San Jacinto Oct 2009

After ascending on the Palm Springs Tram with our backpacks, we spent a windy weekend at the Tamarack Campground in Mt. San Jacinto State Park, and climbed to the San Jacinto Peak Summit via the unmaintained “Tamarack Trail” and Miller Peak Ridge Trails.

 

After a fun Summer backpacking trip in the Sierra Nevada, Vicki and I decided to take one last overnighter before Winter arrived and the weather became too cold to visit the mountains.  Some people love ice and snow, but we aren’t those people.  We like our days comfortably warm (not hot!) and the nights cool.  That’s why we go to the desert in the Winter.  But October is in the shoulder season, so we waited until the last minute for the right weather and headed up to the Palm Springs Aerial Tramway.  The tram is the fastest and easiest way to get up into the forest.  But it isn’t the cheapest.  Still, it’s well worth the money.  The ride itself is exhilarating, and there is even a restaurant up there.  But we didn’t stop for any of that.

We began hiking right away, heading uphill on the trail to Round Valley.  It was great to be back in the mountains, with the smell of pine trees in the air.  The trail was a bit of a workout, climbing 700 feet in two miles, but in the cool air of morning it felt easy.  Just the same, we took a short break near the Round Valley ranger hut.  We checked out the flow of water from the spring,   Then we headed for Tamarack Valley and hoped to claim a really good spot, far away from almost everyone else.  We intended to enjoy the wilderness in peace.

We hiked an additional 3/4 mile to the campground area and began looking for a good site.  We hiked uphill as far as we could until we found a spot that was pleasant and had a good flat place to set up the tent.  It was quite breezy that day, and every once in a while a big gust would spin down through the trees and stir up the sand and pine needles on the ground.  We chose the most protected spot we could find, next to a long granite boulder, and staked the tent down solidly.  I set up the inside of the tent and Vicki readied the kitchen area.  There were no campfires allowed, especially not on a windy day in October, so we’d have to sit on big logs while looking at the stove instead.  Since we were going to stay here for two nights, we set everything up nicely.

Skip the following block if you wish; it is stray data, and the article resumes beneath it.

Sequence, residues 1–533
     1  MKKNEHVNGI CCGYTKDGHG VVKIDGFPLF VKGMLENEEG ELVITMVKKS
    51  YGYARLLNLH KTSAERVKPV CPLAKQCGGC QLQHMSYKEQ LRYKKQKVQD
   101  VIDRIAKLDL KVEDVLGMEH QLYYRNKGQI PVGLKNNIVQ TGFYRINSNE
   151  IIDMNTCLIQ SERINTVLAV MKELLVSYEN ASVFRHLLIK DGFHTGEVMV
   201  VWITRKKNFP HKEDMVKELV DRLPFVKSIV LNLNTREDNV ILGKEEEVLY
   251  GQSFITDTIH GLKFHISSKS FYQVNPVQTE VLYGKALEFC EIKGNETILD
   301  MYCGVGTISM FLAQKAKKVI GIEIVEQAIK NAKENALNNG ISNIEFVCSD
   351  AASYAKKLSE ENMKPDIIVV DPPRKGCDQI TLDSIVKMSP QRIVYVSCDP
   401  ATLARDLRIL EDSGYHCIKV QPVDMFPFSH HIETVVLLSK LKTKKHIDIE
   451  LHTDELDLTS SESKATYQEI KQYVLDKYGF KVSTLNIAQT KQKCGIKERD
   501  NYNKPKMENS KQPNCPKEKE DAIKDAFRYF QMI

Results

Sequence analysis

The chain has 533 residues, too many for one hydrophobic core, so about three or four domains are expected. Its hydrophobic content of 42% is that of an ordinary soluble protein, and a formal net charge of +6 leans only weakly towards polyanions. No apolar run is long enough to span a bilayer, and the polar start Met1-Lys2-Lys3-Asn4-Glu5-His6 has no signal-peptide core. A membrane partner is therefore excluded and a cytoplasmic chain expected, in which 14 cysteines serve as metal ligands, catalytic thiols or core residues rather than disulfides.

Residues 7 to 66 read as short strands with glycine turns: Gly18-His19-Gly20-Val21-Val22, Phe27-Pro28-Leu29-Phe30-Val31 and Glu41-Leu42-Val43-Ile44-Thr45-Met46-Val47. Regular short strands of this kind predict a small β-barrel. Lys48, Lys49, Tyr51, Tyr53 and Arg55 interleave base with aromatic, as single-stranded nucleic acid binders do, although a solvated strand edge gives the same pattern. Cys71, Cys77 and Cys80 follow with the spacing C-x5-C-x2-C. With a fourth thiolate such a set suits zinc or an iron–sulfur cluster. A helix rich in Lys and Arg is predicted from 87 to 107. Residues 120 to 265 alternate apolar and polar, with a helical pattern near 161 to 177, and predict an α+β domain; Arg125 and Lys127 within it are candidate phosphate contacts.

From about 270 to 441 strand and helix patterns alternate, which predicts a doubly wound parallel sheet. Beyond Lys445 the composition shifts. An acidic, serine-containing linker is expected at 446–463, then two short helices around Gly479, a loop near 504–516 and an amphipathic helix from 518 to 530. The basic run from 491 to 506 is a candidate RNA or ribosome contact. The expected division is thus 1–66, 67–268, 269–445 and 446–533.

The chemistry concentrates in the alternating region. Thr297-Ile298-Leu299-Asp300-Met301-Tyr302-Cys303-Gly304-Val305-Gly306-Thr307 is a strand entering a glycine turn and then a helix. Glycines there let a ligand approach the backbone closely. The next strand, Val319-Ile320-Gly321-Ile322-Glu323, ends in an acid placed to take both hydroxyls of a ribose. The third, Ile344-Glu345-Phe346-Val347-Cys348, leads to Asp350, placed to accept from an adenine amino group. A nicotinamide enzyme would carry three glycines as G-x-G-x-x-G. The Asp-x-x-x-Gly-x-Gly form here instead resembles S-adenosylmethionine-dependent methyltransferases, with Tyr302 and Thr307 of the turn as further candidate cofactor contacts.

We took a short nap after lunch, and afterward spent the afternoon hanging around the campsite reading our books.  It was a pleasant time.  We wandered around the immediate area and tidied up the campsite a bit.  There was one final camping spot a bit higher up the trail than ours, which we checked out just for fun, but we still liked this one better.

We also discovered that the days get significantly shorter in October, and the afternoon flew by.  We emptied out my big pack and put our water filter and empty containers inside.  It was time for our afternoon hike.  We headed back to Round Valley and the spring.  Cool clear water was flowing out of the pipe, as usual.  I never bothered to filter this water, since it was directly out of the ground, but Vicki insisted.  So she did the pumping while I took photos of the meadow.  The grasses and plants were mostly brown and dry for Autumn, but the sky was awfully blue, and the clouds were pretty too.  We also signed in at the small Ranger building and claimed the “Andesite” campsite on the official sign-in board.  The weather turned cooler as the sun descended, and we headed back to camp.  We now had enough water for dinner, breakfast, and tomorrow’s day-hike to the summit.

We ate dinner fairly quickly as it was getting cold.  Then we headed into the tent.  It wasn’t windy at all in there.  We read our books as the evening turned to night, listening to the gusty winds as they moaned and whirled high above us in the trees.  It felt good to be snug inside our little home away from home.

 

DAY 2